In the 1970s, upon becoming active in the feminist movement, Nancy Spero began a sustained exploration of the place of women in history, which culminated with Notes in Time. She considered this work to be celebratory—about the “liberation of women’s spirits, minds, and bod[ies].” To make it, she combined images and text in a procession, creating a friezelike narrative that reflects the fragmented nature of historical records. Dense with references, Notes in Time presents a feminist view of human history at a monumental scale.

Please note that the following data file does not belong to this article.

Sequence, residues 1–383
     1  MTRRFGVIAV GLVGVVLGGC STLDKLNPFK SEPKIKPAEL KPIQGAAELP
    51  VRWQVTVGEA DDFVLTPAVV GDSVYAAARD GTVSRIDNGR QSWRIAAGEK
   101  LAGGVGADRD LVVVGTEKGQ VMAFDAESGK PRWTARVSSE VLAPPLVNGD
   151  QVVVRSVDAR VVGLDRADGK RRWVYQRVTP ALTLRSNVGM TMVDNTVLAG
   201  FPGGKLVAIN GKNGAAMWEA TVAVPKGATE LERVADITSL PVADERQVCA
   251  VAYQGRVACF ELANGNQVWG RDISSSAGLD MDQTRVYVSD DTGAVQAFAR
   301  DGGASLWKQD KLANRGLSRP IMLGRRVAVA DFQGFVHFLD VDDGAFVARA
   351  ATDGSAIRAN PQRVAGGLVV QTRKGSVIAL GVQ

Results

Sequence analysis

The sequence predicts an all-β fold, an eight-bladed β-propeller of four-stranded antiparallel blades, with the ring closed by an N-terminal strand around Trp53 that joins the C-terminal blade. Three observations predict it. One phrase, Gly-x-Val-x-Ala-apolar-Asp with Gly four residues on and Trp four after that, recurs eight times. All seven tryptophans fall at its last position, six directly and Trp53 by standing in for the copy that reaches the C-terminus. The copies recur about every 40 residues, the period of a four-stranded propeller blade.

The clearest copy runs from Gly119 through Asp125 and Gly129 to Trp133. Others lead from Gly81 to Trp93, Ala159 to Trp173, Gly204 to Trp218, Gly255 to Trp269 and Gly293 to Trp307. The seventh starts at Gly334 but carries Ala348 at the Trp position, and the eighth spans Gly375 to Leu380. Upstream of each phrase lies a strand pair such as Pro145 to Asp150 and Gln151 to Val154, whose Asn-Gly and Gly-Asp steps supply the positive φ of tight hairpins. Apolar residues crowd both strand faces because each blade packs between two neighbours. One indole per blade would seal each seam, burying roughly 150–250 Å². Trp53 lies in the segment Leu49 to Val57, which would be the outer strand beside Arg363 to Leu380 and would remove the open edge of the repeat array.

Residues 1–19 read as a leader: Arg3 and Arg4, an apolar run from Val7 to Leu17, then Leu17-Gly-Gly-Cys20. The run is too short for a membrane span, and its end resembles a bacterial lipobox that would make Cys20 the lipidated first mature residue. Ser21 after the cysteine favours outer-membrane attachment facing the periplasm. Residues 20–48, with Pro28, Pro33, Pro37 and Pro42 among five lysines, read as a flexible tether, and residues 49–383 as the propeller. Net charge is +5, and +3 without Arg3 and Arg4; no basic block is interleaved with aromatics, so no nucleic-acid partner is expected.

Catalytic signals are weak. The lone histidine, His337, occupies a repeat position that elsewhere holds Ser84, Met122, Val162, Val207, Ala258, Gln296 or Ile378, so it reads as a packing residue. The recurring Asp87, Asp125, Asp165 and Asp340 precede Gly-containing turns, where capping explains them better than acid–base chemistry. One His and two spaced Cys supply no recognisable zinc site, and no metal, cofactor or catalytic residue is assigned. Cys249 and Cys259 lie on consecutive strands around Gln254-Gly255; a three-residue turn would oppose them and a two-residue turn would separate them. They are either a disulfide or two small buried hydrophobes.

The work unfolds across twenty-four panels, which Spero altered using drawing, printing, and collage. Archetypal figures are interspersed among quotes from a range of sources, including fifteenth-century theological texts on women, twentieth-century writings on female sexuality, and modernist poetry. “I decided the figures were hieroglyphs,” Spero explained. “I used text along with image, as extensions of each other, at times in opposition, but always in relation to each other, even if contradictory.